A catchment is an area where water is collected by the natural landscape. A catchment is usually surrounded by hills or mountains. Gravity causes rain, melting snow and other water in the catchment to run downhill where it flows into creeks, rivers, lakes and eventually the ocean. The water that seeps below ground and settles in the soil and the space between rocks is called groundwater.
The Murray Darling basin is a largest catchment in Australia and drains around one-seventh of the Australian land mass. The Murray–Darling Basin is an interconnected system of rivers made up of 22 different catchments.
Water covers 75% of the earth’s surface, however only a very small amount is fresh water that can be used directly by people, animals and plants because:
- 97% of this water is in oceans and is too salty for people, animals or plants to use
- 2% is frozen at the north and south poles, in glaciers and on snowy mountain ranges.
Only 1% of the Earth’s water is easily accessible freshwater.
Illustration © Normaals
Water is essential for all forms of life and the small amount of available freshwater create competing pressures for our water resources. Different land uses in a catchment have different water use needs. In Australia agriculture is the largest water-consuming industry.
These different stakeholders that have an interest in how water is used across the catchment. These typically include governments, industry, scientists, environmental organisations, landowners, and local users of water like you.
Find out the catchment where you live in Australia
Aquatic ecosystem connectivity refers to the connections between and within aquatic ecosystems. Understanding the connections of the surrounding land to wetlands and between other wetlands is important for effective catchment management. For example, when looking at prioritising wetlands for management actions in a catchment, a wetland that provides refuge for wildlife in a dry landscape may be given priority.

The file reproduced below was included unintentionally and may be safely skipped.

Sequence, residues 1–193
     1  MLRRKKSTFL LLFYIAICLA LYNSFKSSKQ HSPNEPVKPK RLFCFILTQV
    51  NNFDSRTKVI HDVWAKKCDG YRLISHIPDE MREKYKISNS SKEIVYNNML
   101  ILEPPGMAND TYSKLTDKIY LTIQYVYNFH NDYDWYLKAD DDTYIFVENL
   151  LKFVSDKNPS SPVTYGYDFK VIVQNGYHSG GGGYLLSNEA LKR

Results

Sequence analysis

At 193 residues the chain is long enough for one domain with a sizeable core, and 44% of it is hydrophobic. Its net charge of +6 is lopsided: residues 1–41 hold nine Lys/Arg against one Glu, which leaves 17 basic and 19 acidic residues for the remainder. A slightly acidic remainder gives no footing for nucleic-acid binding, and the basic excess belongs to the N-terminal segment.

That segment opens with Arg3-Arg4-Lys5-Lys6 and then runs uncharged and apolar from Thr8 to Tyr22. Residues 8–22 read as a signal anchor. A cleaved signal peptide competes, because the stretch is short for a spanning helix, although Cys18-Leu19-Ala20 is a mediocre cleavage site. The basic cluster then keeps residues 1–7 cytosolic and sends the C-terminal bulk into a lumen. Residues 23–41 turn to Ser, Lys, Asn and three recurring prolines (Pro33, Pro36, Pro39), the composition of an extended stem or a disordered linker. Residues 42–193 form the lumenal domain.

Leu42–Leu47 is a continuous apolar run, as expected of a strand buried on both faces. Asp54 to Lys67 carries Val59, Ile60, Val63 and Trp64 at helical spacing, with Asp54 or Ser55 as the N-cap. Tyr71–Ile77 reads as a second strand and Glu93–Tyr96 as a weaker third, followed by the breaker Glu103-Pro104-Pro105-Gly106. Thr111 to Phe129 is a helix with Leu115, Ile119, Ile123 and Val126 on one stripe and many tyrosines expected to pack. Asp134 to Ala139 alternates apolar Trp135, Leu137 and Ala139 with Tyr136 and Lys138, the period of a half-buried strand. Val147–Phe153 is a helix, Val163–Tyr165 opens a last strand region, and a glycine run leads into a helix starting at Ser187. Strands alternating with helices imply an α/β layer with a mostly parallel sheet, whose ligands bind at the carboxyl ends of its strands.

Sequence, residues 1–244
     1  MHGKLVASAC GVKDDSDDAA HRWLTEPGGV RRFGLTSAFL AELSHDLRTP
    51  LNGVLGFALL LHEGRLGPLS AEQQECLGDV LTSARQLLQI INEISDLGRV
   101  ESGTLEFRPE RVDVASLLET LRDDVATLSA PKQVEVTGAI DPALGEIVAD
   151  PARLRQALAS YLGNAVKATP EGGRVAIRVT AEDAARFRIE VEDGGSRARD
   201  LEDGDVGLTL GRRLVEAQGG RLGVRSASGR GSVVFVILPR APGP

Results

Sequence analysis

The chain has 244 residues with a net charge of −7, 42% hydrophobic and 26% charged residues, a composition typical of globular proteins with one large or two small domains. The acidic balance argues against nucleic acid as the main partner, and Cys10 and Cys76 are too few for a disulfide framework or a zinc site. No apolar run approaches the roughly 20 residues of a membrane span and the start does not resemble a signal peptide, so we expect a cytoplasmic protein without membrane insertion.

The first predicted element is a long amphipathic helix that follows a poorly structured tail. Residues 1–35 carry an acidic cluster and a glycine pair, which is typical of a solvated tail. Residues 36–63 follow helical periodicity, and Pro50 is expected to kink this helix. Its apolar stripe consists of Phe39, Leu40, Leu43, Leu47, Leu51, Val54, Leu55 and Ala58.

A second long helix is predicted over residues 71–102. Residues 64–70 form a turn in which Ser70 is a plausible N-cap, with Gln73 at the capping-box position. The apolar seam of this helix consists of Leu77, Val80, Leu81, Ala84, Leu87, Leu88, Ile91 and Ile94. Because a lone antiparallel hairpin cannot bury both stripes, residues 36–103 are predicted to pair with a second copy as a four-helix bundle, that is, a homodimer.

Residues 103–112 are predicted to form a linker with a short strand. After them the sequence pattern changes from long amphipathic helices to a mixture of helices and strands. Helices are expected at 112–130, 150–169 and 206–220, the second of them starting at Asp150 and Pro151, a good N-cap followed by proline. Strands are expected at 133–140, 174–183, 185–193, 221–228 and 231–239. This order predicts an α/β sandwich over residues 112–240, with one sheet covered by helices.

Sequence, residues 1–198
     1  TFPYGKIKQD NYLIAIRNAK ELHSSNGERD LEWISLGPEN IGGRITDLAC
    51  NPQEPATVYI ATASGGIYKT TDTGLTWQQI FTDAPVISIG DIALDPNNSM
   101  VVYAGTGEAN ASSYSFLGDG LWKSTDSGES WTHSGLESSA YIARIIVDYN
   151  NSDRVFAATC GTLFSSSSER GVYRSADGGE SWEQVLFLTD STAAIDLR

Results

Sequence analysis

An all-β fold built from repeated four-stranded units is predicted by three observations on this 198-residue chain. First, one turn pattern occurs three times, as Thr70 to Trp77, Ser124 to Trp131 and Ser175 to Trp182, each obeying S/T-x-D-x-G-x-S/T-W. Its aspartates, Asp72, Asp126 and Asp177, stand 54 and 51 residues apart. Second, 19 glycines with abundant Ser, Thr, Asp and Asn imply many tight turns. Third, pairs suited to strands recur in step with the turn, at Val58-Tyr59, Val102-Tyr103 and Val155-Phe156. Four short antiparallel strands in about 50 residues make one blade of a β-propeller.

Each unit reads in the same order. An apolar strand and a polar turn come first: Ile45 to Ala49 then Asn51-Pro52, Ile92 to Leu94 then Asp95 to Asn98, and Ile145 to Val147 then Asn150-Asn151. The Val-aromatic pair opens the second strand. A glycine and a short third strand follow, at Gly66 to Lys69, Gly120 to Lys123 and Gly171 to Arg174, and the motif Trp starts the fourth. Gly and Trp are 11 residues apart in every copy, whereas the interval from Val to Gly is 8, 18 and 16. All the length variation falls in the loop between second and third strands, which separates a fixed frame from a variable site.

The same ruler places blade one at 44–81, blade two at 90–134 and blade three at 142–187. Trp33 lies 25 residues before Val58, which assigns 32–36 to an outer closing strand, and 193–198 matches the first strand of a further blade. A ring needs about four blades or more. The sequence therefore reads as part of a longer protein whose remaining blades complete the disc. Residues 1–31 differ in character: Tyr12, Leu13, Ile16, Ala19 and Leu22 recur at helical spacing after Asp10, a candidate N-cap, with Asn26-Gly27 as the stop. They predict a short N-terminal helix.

This activity investigates the journey of a river through the catchment. Follow water through the environment and explore the changes to water quality over time. This learning activity is part of a sequence of 5 individual learning activities focused on Catchment Management.
- The story of a river
- Water sustainability
- What’s in a drop?
- The drain is just for rain
- Where the river meets the sea
Other useful Resources
Water is the most common substance found on earth, so why is it important? Water is essential for all forms of life and can dissolve nearly anything. It can exist as a gas (water vapour and steam), a liquid (water) and a solid (ice).
The natural water cycle shows the constant movement of water around the world. Water moves through the processes of evaporation, transpiration, condensation, precipitation, run-off, infiltration and percolation.
The natural water cycle has been modified by people to ensure a constant water supply and the safe disposal of wastewater. The Urban Water Cycle incorporates the Water Supply System, Wastewater system and the Stormwater system.